Manchester airport website fails to meet the website disability standards, as the review of the disability travel accessibility assessment criteria demonstrates.
Earlier this week the U.S. Department of Transportation said they are proposing to implement a series of new rules around accessibility to air travel information. This new set of requirements will probably apply to all airports to which Part 382 applies, therefore, including all airports operating flights from and to the United States of America.
Anticipating the requirement may prove a commendable move. Reduced Mobility Rights is conducting a review of the current state of European airports. The review aims to determine if airport websites provide complete and sufficient information to disabled passengers and persons with reduced mobility.
To assist airport managing company in need to improve their website pages dedicated to disability travel assistance, Reduced Mobility Rights crafted the Airport Website Gold Standard, a clear and easy selection of guidelines highlighting all relevant information that needs to be made available to disabled passengers.
Existing websites are assessed using the following criteria: accessibility from the website home page, quality of immediately available content, quality of downloadable content, quality of contact information within the "Special Assistance" page. The assessment of the Manchester airport website dates 27 September 2011. Below is a link to the page. Screen shots of assessed pages date 26 September 2011.
Manchester Airport (opens a new window)
Accessibility from the airport's website home page:
Fails: the disability travel information page is only accessible via the "accessibility" link listed in the "Arriving" submenu in the "at the airport" page. Oddly enough, there is no such link in the "Departing" submenu. The minimum requirement is to have a link clearly marked as "PRM assistance" or "Special Needs" or "Reduced Mobility" or equivalent. Manchester airport website does not meet the minimum requirement.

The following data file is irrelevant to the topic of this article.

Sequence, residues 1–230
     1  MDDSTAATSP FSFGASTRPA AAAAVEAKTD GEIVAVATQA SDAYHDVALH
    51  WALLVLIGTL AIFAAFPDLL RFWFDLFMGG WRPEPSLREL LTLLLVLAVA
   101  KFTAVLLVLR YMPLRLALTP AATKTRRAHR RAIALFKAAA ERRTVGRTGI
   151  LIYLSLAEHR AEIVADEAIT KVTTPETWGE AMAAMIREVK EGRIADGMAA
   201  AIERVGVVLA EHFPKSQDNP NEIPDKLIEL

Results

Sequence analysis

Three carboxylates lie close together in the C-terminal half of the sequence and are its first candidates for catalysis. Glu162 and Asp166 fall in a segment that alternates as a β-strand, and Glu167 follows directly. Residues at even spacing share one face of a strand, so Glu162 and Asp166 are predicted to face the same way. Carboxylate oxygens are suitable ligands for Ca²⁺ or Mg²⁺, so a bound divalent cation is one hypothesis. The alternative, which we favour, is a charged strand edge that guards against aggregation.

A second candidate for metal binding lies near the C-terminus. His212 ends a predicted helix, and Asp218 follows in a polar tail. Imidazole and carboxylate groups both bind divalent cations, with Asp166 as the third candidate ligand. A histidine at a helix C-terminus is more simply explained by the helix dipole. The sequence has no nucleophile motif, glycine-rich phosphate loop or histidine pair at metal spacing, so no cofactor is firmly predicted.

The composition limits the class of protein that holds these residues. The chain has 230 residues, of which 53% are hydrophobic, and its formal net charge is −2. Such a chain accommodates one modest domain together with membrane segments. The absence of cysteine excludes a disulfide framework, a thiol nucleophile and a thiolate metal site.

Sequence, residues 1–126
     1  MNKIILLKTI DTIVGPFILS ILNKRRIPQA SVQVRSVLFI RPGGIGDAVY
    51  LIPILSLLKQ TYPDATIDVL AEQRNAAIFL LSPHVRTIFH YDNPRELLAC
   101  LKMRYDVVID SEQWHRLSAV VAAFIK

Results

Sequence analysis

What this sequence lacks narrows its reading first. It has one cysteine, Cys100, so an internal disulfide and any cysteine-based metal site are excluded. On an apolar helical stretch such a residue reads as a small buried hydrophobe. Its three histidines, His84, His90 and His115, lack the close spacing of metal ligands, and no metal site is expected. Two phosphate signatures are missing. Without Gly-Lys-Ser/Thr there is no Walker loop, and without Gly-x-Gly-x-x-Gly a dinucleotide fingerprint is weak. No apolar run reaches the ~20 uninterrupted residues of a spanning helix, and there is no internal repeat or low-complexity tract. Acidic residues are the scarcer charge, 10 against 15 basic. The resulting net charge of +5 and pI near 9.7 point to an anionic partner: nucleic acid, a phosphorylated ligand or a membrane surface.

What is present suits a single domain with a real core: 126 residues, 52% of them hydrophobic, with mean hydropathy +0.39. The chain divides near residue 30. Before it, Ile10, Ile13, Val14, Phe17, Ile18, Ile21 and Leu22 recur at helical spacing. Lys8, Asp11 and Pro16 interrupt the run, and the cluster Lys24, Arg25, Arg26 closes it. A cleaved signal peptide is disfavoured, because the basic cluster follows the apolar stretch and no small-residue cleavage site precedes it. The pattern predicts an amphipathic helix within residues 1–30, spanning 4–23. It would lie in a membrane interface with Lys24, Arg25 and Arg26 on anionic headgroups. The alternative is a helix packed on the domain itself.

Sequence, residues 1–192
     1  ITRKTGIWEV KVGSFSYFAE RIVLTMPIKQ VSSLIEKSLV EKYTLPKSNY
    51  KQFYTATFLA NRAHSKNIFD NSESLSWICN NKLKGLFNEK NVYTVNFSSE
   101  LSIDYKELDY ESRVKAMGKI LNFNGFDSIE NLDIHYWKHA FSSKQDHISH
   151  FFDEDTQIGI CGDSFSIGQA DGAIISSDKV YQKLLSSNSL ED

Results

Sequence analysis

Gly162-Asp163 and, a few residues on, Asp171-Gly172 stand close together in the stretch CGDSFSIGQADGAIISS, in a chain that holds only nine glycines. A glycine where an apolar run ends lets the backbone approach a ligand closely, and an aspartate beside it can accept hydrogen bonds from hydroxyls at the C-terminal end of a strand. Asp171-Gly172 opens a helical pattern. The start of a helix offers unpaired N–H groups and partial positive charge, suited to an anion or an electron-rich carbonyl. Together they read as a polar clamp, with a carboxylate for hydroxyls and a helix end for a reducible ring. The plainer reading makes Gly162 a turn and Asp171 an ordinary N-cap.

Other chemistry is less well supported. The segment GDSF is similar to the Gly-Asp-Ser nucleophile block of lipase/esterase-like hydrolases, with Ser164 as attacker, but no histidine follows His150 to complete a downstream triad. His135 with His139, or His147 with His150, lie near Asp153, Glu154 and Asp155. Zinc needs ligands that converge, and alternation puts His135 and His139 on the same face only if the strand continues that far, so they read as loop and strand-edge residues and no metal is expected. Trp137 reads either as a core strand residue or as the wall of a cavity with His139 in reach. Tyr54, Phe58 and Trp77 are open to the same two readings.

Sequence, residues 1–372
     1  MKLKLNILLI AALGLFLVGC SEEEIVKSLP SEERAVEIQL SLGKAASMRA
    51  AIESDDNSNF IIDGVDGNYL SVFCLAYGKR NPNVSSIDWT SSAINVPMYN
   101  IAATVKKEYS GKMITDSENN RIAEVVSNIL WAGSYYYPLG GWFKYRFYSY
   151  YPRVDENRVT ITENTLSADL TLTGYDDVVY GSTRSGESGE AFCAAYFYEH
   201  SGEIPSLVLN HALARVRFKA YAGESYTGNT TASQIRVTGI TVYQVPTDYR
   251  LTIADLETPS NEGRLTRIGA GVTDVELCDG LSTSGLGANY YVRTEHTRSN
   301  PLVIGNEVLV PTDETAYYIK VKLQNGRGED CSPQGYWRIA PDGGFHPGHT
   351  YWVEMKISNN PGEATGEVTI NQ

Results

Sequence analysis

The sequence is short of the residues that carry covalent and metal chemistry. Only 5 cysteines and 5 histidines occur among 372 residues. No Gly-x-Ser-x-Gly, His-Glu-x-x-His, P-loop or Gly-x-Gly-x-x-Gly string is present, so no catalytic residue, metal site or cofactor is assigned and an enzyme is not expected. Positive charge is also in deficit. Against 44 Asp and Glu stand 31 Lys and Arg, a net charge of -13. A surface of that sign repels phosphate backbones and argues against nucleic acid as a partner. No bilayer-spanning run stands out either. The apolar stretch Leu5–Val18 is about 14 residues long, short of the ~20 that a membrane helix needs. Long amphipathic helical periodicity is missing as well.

Quality of immediately available content:
Fair/Room for Improvement: the immediately available page provides some basic information. The link "more information...." towards the end of the page provides additional, better detailed information. What has room for improvement is the link to the disabledgo website. Pitched as mean "to add to our accessibility content to include comprehensive guides and information for your airport experience," the disabledgo pages of Manchester airport do not provide any kind of information. All the tabs we tested returned "Found 0 results".
Quality of downloadable content:
Fails: Manchester airport does not provide documentation available for download.
Quality of contact information within the "Special Assistance" page:
Insufficient: Some information as to the physical location of meeting points is available. However, no contact information such as email, phone numbers (apart from the main switchboard number), and personal contact information of the service provider OCS is made available to the end user.
It is highly recommendable that Manchester airport managing company, the Manchester Airports Group (MAG) of which Manchester City Council is the largest shareholder, to take immediate action to overhaul their website section dedicated to disability travel services. It is an embarrassment for the city of Manchester and for the United Kingdom that Manchester airport, 4th busiest in the U.K. with 17,759,015 passengers served in 2010 and Midlands gateway to the United States, has such poor quality standards.